Lunch delivery startup Peach has laid off a third of its staff, eliminating several sales and account management roles as it aims to return to profitability.
The Seattle-based company let go of 12-to-13 people, said Peach CEO Nishant Singh, who said a “sales experiment” didn’t work out as he hoped. The company now has 25 employees after the cuts.
“We wanted to see if we could grow heavily using sales, and we did grow, but not as much as we wanted as a venture-backed company,” he said.
Peach competes in a crowded food delivery market, but differentiates itself by focusing on delivering multiple lunch orders to office buildings. Hundreds of companies use the service across four markets.
“Efficiency is a big thing for us because we run a profitable business,” Singh said. “With these cuts, we are now overall profitable and will continue to serve our restaurants, customers and drivers for years to come.”
“There will be experiments that we will do — some will succeed, some will fail, just like how Amazon does it,” Singh said.
Amazon has its own office lunch delivery service called Daily Dish that launched more than a year ago. Both Amazon and Peach use text messaging technology to take orders from customers each weekday from a curated list of restaurants.
Another lunch service targeting office workers called MealPal launched in Seattle earlier this month.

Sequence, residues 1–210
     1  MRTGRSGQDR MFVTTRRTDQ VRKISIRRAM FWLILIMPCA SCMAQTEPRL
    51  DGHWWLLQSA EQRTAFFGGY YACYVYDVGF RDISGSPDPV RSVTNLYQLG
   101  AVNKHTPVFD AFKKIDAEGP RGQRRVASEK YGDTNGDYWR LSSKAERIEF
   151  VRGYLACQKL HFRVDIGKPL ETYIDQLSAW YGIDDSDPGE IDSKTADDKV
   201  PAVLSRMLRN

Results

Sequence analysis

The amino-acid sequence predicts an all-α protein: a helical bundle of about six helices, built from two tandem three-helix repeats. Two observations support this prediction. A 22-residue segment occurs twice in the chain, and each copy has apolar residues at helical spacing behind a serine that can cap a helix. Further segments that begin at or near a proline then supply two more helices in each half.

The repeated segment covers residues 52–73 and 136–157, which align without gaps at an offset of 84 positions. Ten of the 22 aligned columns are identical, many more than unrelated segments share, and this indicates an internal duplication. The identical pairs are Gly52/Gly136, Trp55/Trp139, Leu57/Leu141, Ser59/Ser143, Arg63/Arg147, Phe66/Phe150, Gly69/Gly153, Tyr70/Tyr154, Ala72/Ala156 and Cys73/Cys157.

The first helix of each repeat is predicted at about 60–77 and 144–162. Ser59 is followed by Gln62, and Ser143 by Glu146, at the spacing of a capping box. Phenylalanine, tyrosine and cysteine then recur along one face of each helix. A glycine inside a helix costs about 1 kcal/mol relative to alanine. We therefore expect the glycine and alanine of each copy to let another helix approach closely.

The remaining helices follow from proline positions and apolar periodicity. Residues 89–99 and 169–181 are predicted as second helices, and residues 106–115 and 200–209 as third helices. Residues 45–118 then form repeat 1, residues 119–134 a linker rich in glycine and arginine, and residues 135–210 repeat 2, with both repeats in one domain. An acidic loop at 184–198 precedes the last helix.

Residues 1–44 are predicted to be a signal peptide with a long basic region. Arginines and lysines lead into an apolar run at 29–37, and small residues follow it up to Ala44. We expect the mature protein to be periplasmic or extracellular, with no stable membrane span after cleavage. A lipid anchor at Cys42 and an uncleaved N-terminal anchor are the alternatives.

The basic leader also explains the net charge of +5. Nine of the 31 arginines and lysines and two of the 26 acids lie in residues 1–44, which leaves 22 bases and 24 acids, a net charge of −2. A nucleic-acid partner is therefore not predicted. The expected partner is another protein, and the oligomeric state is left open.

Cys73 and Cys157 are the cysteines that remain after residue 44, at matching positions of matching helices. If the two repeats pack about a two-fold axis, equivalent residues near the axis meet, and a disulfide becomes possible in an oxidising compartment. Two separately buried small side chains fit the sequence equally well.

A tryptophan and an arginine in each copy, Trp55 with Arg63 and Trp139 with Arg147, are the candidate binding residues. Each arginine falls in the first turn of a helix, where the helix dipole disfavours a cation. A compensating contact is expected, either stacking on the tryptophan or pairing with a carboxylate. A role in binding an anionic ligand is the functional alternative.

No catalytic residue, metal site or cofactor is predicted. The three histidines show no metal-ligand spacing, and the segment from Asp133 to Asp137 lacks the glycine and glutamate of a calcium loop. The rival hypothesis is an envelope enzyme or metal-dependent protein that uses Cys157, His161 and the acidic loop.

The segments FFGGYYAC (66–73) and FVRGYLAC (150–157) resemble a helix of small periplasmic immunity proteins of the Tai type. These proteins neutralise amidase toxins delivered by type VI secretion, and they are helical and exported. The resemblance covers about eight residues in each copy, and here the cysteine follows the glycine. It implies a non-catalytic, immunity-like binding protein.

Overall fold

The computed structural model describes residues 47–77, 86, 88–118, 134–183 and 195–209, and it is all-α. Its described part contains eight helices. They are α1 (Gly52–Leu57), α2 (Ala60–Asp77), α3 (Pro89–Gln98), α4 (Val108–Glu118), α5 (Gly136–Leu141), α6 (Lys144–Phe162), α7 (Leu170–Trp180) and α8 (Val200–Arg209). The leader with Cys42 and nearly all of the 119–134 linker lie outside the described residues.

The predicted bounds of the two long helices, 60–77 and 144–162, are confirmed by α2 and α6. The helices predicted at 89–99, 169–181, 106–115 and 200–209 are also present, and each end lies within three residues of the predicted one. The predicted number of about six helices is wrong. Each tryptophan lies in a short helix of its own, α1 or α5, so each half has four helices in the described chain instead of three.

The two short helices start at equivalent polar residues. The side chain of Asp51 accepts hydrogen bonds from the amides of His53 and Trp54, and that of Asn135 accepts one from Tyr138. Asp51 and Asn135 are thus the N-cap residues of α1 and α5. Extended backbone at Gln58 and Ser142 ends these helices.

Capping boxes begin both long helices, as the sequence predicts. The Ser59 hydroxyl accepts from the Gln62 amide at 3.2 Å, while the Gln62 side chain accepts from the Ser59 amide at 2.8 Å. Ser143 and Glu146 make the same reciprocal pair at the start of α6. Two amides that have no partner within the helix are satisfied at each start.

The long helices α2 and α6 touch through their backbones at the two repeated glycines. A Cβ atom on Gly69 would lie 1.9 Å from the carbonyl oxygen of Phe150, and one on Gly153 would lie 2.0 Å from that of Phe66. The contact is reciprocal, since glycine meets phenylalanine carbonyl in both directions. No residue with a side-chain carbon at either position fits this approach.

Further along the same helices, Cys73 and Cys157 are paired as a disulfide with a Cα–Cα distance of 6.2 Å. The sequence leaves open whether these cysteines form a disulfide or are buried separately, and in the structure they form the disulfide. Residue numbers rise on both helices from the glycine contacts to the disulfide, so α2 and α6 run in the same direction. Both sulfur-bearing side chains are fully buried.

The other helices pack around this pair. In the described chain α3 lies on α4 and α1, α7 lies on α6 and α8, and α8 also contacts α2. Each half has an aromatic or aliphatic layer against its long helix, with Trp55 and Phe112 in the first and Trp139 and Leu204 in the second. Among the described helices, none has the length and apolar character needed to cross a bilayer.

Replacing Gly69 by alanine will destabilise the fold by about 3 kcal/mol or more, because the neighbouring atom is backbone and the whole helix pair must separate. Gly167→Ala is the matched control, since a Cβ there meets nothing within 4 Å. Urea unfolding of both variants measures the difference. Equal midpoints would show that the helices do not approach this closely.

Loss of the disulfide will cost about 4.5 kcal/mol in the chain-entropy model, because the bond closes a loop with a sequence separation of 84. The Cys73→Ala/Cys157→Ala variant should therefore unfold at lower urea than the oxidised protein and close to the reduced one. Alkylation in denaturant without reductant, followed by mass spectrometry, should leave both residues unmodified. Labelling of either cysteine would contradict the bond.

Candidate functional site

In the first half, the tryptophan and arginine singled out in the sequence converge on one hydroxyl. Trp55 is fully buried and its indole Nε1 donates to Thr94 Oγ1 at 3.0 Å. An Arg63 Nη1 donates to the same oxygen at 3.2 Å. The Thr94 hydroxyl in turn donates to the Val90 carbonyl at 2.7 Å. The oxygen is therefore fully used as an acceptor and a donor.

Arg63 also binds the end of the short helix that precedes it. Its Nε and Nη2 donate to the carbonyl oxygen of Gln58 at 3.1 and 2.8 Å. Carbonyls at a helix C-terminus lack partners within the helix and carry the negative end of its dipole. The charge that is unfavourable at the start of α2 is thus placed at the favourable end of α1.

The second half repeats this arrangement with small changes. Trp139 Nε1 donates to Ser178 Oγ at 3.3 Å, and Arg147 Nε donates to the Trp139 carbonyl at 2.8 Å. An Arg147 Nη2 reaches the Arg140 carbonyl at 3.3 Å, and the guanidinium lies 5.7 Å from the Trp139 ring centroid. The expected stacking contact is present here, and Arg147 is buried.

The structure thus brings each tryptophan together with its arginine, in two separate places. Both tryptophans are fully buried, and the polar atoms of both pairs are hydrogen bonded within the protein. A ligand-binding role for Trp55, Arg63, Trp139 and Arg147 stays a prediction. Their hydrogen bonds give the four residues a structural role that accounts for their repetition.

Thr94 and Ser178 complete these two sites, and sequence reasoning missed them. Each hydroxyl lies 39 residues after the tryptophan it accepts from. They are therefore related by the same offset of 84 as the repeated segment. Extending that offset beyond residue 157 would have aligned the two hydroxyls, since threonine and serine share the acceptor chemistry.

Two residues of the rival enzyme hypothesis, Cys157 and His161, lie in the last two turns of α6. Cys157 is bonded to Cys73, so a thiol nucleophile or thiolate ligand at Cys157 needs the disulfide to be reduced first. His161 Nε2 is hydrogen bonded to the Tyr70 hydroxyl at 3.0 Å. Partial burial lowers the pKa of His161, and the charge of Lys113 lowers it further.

Peach reached profitability this past October. At the time, it employed 55 people and launched in Dallas, its fourth market. The company is in talks with national delivery companies about outsourcing their lunch service to Peach, Singh said.
Startups like Sprig, SpoonRocket, and Maple have all gone out of business in the past few years. But there are others like Dominos, which is using lots of delivery technology and continues to post impressive earnings, or Uber, whose CEO said in January that UberEats is “exploding,” that seem to be finding success.
CBInsights in October noted that activity in the food delivery market “has begun to cool.” Here’s a timeline it created that shows U.S. food delivery startups when they first raised funding, and subsequent mergers, acquisitions, IPOs, or shutdowns: